First responders weigh in on needle exchange programs

Local News
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CHARLESTON, WV (WOWK) – A newly released survey of Charleston first responders reveals stiff resistance to any type of needle exchange program returning to the Capitol City.

The anonymous survey, conducted by the City Public Safety Committee includes members of the City Police, Fire, Refuse and Public Grounds Departments.

“I want to thank the First Responders, Refuse, and Public Grounds employees for their service,” Public Safety Committee Member Shannon Snodgrass said. “We, as citizens, all entrust our lives and safety to our First Responders, so I am in hopes we listen to them now. It is loud and clear our first
responders believe that needle programs are bad for Charleston. If City Council and Administration ignore the results of this survey and support needle distributions without accountability measures suggested then they have ignored our First Responders, which would be abhorrent and irresponsible.”

  • 86.76% of respondents say they do not believe the Health Department’s Needle Program was good for the City of Charleston.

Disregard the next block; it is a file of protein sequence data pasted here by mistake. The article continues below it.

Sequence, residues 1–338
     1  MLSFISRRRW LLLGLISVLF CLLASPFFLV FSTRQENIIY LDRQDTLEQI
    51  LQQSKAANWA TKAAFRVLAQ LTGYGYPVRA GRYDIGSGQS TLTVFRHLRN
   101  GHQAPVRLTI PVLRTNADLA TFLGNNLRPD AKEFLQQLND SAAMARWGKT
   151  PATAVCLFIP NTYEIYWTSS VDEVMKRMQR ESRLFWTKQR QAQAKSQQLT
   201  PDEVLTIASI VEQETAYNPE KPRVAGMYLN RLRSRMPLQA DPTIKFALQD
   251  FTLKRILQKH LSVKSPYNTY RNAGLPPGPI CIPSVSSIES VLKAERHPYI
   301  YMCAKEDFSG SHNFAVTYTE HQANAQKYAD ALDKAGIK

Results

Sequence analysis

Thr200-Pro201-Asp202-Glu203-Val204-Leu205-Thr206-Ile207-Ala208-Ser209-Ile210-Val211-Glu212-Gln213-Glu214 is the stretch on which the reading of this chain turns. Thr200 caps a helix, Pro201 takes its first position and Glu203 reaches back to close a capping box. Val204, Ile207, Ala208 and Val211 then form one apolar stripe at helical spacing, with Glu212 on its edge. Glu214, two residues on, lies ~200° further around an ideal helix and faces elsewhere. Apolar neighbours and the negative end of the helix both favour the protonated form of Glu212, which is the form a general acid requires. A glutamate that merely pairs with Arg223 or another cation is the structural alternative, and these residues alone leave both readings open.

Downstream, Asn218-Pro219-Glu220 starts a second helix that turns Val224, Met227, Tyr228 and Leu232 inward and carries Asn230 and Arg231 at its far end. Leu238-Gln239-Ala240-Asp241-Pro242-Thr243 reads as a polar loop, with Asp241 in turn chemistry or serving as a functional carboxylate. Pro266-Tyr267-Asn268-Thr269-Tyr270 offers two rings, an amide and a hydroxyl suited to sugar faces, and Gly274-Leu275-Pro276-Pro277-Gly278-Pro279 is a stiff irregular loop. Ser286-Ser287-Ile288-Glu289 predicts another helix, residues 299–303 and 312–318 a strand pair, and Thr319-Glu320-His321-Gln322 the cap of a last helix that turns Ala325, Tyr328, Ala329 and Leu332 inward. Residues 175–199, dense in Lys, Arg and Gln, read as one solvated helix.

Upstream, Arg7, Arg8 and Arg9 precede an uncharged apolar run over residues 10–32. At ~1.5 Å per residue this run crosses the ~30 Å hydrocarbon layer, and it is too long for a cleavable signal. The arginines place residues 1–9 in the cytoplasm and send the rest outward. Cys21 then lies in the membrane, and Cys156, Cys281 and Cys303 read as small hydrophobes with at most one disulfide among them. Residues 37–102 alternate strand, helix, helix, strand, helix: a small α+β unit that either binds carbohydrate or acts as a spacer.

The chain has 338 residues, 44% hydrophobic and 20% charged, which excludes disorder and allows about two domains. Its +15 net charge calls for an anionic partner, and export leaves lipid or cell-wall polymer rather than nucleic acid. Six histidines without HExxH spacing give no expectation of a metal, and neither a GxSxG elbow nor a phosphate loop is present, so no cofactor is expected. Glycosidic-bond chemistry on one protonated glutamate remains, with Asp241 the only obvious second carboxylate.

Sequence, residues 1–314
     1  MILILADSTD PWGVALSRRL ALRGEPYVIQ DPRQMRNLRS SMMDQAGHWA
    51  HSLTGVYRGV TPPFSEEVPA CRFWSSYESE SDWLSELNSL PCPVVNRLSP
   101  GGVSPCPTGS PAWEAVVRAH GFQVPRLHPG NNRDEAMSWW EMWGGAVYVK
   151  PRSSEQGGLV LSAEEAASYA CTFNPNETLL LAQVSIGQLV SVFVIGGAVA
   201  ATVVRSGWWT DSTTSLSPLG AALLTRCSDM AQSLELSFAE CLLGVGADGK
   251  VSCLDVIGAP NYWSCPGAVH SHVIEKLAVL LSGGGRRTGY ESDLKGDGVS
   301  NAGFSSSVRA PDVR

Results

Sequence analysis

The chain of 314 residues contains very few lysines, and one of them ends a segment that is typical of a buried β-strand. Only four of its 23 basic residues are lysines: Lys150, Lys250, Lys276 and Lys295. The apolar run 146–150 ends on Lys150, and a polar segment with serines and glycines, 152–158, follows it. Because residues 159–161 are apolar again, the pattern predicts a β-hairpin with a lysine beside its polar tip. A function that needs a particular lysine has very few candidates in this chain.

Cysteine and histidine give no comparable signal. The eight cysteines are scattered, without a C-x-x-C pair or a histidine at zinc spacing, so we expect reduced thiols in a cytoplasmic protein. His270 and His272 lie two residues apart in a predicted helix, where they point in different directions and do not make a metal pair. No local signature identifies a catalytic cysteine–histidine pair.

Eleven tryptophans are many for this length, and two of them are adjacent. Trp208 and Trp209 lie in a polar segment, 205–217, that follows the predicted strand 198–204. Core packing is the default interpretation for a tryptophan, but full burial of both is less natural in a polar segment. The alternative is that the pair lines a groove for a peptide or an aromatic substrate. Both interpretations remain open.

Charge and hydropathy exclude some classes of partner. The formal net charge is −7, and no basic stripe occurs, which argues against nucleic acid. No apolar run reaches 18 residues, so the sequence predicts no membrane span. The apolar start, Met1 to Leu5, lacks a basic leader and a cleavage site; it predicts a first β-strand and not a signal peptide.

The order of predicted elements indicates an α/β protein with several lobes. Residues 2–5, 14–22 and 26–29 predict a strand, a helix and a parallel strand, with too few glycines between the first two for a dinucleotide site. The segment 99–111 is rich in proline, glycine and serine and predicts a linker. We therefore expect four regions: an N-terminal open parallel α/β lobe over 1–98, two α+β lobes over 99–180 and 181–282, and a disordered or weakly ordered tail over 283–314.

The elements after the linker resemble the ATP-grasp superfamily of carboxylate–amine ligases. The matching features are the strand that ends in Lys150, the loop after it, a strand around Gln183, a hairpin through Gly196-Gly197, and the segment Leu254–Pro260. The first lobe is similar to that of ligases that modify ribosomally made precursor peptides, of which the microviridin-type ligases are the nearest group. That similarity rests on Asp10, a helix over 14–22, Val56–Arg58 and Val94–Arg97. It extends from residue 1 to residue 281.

• 83.09% of respondents say they believe the Health Department’s Needle Program led to an increase in crime.
  • 89.71% of respondents say they believe Needle Programs increase the likelihood of an accidental needle prick for the public at large, Refuse employees, or First Responders performing their job duties.
  • 89.71% of respondents say they believe that Needle Programs increase syringe litter throughout the community.
  • 83.09% of respondents say they believe that Needle Programs result in an increase in the number of intravenous drug users coming into the City of Charleston from outside areas.
  • 88.97% of respondents say they believe participants in a needle program should be required to meet with a medical professional during each visit to the program.
  • 91.91% of respondents say they believe participants in a needle exchange program should be required to return their used needles to receive new ones.
  • 83.82% of respondents say they do not believe additional needs programs are needed in the City of Charleston.
  • 52.21% of respondents have not been asked for their opinion regarding needle exchange programs in the City of Charleston
  • 16.91% of respondents have been stuck by a needle in the course of their work with the City of Charleston.
  • 77.94% of respondents know how to properly handle syringe litter.

“The results of this survey and clear and emphatic,” City Council Public Safety Committee Member Bruce King said. “Our First Responders are overwhelmingly against needle programs.
It’s also clear, based on many of the comments, that our first responders are compassionate and caring towards those struggling with drug addiction.”

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